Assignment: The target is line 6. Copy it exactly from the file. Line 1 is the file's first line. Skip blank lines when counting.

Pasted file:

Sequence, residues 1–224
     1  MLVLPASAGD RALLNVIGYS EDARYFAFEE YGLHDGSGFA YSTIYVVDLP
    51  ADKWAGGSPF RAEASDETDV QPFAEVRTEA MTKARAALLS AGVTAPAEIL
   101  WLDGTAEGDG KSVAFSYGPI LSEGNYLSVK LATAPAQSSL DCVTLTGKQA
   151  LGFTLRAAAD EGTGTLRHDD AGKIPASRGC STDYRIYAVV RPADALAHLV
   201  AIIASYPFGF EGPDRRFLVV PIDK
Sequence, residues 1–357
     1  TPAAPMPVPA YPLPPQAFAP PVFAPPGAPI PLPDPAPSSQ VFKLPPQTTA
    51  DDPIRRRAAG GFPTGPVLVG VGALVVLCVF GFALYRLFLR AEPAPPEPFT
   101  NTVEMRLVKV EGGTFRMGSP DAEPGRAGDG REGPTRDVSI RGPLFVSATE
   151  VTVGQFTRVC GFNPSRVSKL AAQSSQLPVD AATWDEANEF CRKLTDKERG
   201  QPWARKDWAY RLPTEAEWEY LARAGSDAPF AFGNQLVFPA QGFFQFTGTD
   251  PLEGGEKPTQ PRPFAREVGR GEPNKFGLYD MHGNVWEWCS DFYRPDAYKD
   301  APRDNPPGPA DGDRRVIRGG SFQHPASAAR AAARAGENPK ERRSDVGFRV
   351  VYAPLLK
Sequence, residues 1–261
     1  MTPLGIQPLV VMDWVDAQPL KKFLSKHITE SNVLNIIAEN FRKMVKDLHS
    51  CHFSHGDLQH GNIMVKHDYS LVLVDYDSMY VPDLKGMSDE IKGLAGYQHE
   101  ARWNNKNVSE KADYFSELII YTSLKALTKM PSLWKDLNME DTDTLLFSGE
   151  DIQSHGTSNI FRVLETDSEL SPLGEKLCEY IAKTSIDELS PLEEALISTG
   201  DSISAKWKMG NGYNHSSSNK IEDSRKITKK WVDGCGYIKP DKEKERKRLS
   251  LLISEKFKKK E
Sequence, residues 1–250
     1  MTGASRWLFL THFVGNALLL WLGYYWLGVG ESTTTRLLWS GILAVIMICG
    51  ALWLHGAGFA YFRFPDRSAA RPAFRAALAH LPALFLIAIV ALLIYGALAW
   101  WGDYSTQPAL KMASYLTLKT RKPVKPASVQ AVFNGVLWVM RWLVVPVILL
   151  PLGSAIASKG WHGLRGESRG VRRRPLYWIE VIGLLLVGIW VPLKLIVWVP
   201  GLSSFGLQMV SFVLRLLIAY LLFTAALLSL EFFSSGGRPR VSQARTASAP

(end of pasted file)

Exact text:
   201  AIIASYPFGF EGPDRRFLVV PIDK